Lamy slams protectionism
WTO Director-General Pascal Lamy yesterday called for collective discipline to stem the spread of protectionism during the global slump, citing “Buy American” provisions in the US stimulus package. “If you hit imports, your exports will be hit,” Lamy told a forum in Seoul. “Protectionist pressure is there even though we know isolationism or protectionism does not work for simple reasons,” he said. “Without collective disciplines which the US has to subscribe to in the government procurement agreement in WTO, the ‘Buy American’ act would probably have been much more worse for US partners,” Lamy said.
US ignoring Swiss law: UBS
Banking giant UBS has accused the US government of ignoring Swiss sovereignty and forcing its employees to break the law, as lawyers seek to fend off a US Internal Revenue Service (IRS) fraud probe into the firm. The comments come after the US government filled lawsuit on Thursday to force the firm to disclose the identities of as many as 52,000 US customers who allegedly evaded taxes. “The IRS petition does not acknowledge these restrictions and instead simply ignores the existence of Swiss law and sovereignty,” the firm’s lawyers said in a response to the filing. The US request is part of a long-running battle over banking secrecy in which UBS admitted to tax fraud and provisionally agreed to pay US$780 million in settlement charges. It is estimated that the accounts contain around US$14.8 billion.
SFCG files for bankruptcy
A Japanese corporate money-lender said yesterday it had filed for bankruptcy with liabilities of more than US$3.6 billion, blaming growing bad debt and a slump in new loans. SFCG Co, which filed for protection from creditors with the Tokyo District Court, said it had liabilities of ¥338.04 billion (US$3.63 billion) as of October. The collapse of the company, which reportedly owes ¥71 billion to Citigroup, is Japan’s largest corporate bankruptcy this year, private credit research company Teikoku Databank said. “The company suffered extremely severe financial conditions due to a growth of bad loans and a slump in new loans,” SFCG said in a statement.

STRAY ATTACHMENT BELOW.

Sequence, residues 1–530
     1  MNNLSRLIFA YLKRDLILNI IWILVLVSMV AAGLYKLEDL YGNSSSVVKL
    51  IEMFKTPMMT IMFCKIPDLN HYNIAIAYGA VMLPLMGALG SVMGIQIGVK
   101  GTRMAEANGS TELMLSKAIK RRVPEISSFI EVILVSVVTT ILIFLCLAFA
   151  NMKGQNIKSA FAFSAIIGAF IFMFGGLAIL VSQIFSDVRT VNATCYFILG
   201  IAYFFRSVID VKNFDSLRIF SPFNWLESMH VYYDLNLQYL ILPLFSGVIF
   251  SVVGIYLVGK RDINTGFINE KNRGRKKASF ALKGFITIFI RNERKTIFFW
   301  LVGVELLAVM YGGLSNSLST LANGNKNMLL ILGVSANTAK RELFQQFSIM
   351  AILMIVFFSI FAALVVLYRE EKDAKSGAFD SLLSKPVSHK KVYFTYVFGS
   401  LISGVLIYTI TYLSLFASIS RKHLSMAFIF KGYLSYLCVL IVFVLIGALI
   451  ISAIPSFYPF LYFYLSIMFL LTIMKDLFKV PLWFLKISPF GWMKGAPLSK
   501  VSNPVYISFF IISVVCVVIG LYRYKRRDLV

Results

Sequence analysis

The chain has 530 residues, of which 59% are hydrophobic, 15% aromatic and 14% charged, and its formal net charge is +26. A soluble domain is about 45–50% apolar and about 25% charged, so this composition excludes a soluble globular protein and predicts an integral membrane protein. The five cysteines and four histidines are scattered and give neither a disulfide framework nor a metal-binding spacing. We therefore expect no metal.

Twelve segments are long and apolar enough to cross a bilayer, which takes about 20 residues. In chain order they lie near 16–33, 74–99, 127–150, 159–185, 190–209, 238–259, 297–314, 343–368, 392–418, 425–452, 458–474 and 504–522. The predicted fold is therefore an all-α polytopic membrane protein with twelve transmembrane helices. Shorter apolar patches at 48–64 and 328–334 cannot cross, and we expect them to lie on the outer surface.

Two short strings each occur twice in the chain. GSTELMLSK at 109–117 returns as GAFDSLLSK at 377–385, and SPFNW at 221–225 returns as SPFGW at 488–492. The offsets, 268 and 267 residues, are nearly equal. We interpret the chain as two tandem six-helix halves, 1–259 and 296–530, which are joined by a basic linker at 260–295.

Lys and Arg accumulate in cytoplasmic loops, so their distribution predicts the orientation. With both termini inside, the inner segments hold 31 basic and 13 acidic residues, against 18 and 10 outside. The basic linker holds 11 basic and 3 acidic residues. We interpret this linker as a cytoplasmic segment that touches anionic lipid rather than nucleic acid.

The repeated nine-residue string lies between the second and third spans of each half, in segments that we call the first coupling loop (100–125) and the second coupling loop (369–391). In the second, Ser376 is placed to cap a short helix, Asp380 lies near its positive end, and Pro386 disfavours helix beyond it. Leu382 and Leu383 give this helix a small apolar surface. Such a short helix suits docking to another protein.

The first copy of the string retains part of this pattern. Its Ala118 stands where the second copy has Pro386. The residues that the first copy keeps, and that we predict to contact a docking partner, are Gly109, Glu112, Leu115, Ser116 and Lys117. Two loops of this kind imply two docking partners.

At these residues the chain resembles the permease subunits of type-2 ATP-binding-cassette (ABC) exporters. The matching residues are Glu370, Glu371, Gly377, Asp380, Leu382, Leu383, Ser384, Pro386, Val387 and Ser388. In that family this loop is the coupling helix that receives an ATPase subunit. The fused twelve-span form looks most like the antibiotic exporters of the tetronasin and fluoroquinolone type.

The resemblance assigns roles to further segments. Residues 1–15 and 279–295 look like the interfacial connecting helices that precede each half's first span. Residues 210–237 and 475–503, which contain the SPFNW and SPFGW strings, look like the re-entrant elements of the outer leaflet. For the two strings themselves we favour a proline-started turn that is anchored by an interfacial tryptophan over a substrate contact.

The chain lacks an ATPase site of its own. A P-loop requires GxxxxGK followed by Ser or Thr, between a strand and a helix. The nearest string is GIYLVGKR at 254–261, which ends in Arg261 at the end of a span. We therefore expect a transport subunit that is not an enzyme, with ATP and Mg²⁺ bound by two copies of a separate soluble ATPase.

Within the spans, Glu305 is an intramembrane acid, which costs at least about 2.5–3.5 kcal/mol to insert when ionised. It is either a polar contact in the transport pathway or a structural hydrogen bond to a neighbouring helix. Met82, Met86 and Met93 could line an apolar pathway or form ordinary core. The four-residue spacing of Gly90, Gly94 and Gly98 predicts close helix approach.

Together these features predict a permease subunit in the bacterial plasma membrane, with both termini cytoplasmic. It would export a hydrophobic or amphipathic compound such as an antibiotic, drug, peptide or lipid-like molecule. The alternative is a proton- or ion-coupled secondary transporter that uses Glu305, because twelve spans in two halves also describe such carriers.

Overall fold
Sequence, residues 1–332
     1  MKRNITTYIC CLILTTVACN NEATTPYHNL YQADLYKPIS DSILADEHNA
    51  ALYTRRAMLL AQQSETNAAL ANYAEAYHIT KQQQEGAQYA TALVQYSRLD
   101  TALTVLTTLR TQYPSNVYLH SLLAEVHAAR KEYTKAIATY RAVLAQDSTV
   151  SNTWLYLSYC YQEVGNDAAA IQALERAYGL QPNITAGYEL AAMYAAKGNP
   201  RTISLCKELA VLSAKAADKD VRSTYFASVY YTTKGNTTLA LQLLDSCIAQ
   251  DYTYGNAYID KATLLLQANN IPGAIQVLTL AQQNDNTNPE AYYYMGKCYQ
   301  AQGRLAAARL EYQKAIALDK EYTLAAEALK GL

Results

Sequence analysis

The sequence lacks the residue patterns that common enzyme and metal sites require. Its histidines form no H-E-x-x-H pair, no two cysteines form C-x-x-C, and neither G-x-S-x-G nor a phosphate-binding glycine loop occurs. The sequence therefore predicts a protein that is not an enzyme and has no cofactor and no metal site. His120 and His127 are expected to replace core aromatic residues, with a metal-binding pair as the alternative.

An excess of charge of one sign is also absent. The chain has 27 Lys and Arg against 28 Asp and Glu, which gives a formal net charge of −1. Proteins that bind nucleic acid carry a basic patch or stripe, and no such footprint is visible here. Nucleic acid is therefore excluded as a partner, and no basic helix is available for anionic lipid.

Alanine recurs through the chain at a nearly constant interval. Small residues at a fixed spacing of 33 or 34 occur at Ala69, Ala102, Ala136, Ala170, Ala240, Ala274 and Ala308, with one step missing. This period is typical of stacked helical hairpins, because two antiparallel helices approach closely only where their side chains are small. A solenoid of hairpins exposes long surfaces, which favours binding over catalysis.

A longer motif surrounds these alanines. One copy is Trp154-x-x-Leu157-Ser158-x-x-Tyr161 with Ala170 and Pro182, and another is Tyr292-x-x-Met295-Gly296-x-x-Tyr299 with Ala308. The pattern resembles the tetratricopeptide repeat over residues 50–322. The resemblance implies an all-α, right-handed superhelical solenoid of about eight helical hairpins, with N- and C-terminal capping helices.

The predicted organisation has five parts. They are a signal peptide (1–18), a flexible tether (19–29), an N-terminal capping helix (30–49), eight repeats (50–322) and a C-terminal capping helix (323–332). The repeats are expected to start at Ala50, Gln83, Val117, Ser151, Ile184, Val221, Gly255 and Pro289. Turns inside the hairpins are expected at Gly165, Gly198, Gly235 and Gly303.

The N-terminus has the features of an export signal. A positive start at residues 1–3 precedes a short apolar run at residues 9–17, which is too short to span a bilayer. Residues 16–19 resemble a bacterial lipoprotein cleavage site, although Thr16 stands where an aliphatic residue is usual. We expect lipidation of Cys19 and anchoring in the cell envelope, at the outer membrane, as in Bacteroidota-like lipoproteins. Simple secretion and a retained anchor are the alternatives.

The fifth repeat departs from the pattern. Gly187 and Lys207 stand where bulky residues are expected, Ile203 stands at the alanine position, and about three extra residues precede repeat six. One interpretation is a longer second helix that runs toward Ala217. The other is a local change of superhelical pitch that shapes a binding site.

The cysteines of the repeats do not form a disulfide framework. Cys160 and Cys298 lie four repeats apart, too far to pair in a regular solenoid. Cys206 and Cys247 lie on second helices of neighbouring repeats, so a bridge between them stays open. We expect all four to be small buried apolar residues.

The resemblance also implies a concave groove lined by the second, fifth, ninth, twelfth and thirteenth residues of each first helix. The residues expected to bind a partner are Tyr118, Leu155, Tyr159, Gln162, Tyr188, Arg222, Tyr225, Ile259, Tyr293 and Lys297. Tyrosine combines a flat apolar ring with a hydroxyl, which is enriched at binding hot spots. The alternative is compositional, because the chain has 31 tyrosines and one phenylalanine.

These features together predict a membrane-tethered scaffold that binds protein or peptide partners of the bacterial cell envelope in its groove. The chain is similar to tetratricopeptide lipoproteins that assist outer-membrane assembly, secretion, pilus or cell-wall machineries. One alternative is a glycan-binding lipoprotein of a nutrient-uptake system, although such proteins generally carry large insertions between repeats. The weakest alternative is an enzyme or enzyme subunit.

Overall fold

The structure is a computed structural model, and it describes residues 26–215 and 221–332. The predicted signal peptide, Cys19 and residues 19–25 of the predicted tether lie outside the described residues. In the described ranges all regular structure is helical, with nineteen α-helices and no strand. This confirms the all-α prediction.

Vodafone planning layoffs
Vodafone Group PLC, the world’s largest mobile-phone company, plans to cut hundreds of jobs in the UK to reduce costs and protect earnings amid the economic slowdown, two people with direct knowledge of the plan said. The company plans to make the announcement today, said the two, who declined to be identified because the plans are confidential. The jobs will be eliminated at Vodafone’s UK operations, the people said, declining to give a precise number.
DHL planning China move
DHL Worldwide Express, the courier unit of Deutsche Post AG, may move some of its China departments as the global recession saps demand for freight movements. “The company is still discussing the plan,” Wendy Li, a DHL China spokeswoman, said by telephone yesterday, declining to elaborate. DHL may transfer some employees and departments to Chengdu, Sichuan Province, by November, the Securities Times said yesterday, citing unidentified people close to the matter.